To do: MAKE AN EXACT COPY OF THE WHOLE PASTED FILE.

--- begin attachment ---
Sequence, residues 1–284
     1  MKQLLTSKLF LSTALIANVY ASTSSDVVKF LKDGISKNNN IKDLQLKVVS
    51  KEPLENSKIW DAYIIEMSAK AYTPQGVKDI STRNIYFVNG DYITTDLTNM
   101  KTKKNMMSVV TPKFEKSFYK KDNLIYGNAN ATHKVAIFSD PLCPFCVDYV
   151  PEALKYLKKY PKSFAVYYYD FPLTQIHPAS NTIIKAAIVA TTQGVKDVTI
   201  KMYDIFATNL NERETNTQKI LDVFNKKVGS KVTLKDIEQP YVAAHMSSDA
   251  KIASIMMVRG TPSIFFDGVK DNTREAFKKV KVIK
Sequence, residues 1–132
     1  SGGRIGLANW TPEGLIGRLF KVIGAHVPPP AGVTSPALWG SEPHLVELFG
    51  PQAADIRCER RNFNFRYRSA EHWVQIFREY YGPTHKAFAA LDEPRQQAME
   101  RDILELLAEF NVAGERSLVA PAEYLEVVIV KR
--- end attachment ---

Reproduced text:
Sequence, residues 1–284
     1  MKQLLTSKLF LSTALIANVY ASTSSDVVKF LKDGISKNNN IKDLQLKVVS
    51  KEPLENSKIW DAYIIEMSAK AYTPQGVKDI STRNIYFVNG DYITTDLTNM
   101  KTKKNMMSVV TPKFEKSFYK KDNLIYGNAN ATHKVAIFSD PLCPFCVDYV
   151  PEALKYLKKY PKSFAVYYYD FPLTQIHPAS NTIIKAAIVA TTQGVKDVTI
   201  KMYDIFATNL NERETNTQKI LDVFNKKVGS KVTLKDIEQP YVAAHMSSDA
   251  KIASIMMVRG TPSIFFDGVK DNTREAFKKV KVIK
Sequence, residues 1–132
     1  SGGRIGLANW TPEGLIGRLF KVIGAHVPPP AGVTSPALWG SEPHLVELFG
    51  PQAADIRCER RNFNFRYRSA EHWVQIFREY YGPTHKAFAA LDEPRQQAME
   101  RDILELLAEF NVAGERSLVA PAEYLEVVIV KR